With continuing reference to
Alternatively, when submitting an access request, the user would specify only the logical storage device, the “d” drive, for example, and the path elements 44 and 46 without specifying the user ID 42. The logical storage device controller 36 would then attach the appropriate user ID to the access request based on the user submitting the access request prior to transmitting the access request to the remote secure storage facility 14, thus making the user ID also transparent to the user. A user would be required to log on to the client computer 12 or to the user application 32 using a secure password, for example, in order for the logical storage device controller 36 to recognize the user submitting an access request.
At the remote secure storage facility 14, the system processor 22 identifies (64) the dedicated data storage unit 20 assigned to the user ID code specified in the access request and grants access to the identified dedicated data storage unit 20 in accordance with a set of instructions (provided by the user and the remote secure storage facility administrator at the time the service is subscribed) for that user ID code. Based on the assigned security level, either the user ID code or both the user ID code and the processor ID code may be required for the system processor 22 to grant access. The set of instructions specify security level for data files stored in the associated dedicated data storage unit 20, whether or not to provide additional encryption of the data file, level of access to be granted, etc. The system processor 22 then encrypts the data file as required with the remote secure storage facility encryption key 24 and stamps (i.e., adds to the file) the data file with the date and time. A filename and reference number (reference ID) is generated and the data file is stored (68) in the assigned dedicated data storage unit 20 identified by the user ID code specified in the access request. The date/time stamp, reference ID and filename are stored in a database (66) where a directory for the remote secure storage facility 14 is maintained by the system processor 22. The filename and reference ID is also transmitted (70) back to the client computer 12 via the communications network 16 and stored (72) in a local data base 74 where the logical storage device controller 36 maintains a directory for each of the user-assigned dedicated data storage units.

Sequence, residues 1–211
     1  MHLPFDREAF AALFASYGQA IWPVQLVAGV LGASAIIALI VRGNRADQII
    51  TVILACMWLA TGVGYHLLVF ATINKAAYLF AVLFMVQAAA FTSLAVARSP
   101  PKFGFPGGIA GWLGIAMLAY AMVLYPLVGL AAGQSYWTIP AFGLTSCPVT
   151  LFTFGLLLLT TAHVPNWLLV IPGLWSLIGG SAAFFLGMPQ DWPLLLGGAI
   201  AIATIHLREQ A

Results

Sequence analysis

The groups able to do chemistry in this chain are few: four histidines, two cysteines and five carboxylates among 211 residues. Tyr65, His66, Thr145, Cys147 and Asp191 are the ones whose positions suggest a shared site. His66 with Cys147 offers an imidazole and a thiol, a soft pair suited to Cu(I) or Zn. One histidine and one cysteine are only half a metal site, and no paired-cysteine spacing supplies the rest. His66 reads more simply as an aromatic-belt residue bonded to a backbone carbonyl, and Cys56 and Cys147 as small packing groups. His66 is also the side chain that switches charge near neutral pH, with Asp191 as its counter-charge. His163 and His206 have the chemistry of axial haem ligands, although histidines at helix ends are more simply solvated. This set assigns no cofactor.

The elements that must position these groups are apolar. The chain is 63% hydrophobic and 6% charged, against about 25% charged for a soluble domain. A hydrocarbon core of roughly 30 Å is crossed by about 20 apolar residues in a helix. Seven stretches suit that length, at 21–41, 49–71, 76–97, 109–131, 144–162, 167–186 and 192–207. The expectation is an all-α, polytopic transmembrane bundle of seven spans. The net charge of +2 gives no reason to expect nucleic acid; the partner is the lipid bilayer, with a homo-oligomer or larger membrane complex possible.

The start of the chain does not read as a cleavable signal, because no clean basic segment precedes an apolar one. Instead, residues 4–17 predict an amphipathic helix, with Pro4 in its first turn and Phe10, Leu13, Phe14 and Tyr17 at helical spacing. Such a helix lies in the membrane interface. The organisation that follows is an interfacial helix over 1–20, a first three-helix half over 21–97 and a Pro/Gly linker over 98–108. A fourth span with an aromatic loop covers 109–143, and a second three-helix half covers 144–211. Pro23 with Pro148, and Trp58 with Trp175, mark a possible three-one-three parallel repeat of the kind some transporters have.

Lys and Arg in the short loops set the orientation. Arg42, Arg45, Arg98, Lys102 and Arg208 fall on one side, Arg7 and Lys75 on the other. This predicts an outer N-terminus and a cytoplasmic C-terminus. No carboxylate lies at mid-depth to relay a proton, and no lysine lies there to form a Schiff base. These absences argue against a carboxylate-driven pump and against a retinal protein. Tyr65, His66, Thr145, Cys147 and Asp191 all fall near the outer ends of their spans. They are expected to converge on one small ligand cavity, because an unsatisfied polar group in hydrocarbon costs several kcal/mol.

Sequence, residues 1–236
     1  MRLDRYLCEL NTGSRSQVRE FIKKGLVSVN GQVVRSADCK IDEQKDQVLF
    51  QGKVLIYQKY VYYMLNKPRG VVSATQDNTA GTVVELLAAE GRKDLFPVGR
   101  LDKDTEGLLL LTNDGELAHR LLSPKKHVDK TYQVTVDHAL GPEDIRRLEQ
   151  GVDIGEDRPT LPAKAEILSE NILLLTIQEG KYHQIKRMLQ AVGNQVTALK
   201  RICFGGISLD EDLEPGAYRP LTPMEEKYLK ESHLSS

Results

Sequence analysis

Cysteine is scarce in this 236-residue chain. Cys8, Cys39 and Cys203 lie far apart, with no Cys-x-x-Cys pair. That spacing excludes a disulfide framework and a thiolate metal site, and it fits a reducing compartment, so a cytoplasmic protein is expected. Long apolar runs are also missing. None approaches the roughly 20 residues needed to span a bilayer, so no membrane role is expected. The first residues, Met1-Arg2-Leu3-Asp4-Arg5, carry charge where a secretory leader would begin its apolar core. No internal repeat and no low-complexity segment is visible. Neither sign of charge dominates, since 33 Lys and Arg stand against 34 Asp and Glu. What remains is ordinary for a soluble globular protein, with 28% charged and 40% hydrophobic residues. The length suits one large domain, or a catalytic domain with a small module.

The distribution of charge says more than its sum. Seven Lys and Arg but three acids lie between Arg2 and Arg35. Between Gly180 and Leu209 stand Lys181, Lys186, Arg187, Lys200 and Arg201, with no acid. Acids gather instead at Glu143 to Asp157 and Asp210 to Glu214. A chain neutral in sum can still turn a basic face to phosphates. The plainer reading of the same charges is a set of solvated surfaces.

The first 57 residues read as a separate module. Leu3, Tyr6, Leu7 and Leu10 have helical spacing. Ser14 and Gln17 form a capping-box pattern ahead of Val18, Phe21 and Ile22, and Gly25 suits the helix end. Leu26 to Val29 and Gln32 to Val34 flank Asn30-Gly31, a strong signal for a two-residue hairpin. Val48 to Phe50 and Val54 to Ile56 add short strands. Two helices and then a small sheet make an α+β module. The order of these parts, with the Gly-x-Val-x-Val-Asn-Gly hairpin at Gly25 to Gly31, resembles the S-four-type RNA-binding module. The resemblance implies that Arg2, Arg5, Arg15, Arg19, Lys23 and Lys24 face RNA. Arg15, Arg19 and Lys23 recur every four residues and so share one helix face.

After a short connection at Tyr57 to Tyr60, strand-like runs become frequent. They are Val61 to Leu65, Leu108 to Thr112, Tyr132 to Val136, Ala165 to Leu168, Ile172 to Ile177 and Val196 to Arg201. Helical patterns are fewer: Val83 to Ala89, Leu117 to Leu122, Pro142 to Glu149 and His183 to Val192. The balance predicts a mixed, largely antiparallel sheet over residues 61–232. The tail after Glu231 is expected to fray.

At the remote secure storage facility 14, utilizing the user name, the user ID code and the reference ID, the system processor 22 validates (88) that an authorized user is submitting the access request. If the user is not authorized, the access request is denied (90) and a message is sent to client computer 12 cross-referenced to the reference ID specified in the access request and to the owner of the service subscription. Alternatively, in a preferred embodiment, the validation process may be performed by human administrators rather than by the system processor 22; for example, a telephone call to a previously authorized phone number to validate the request. If the access request is valid (i.e., submitted by an authorized user) the system processor 22 grants access in accordance with the set of instructions associated with the specified user ID code, cross-references the specified reference ID with the filename database 66 and retrieves (92, 68) the desired data file. Using the decryption key 24, the retrieved data file is decrypted removing any encryption provided by the remote secure storage facility at the time the data was stored. The date/time stamp applied to the data file at the time of encryption is used to determine the proper decryption key to be used. The decrypted data file is then transmitted (92) back to the client computer 12 and the user via the communications network 16. If the processor ID was required by the assigned security level when the data file was originally stored, then the receiving computer, the client computer 12, will be prompted for its processor ID (100) prior to the system processor 22 transmitting the decrypted data file. If the processor ID (100) is not an authorized processor ID, the data file will not be transmitted and a message is sent to the client computer 12 and the subscription owner. At the receiving computer, the controller 36 decrypts the received data file with the user key to remove any encryption provided at the client computer 12 when the data file was originally transmitted to the remote secure storage facility 14 for secure storage. Similarly, the logical storage device controller 36 determines that the requesting user is an authorized user for the retrieved file prior to decrypting the data file. When decrypted and authorized, the user can then retrieve (104) the desired file from the logical storage device 34 for the application in use.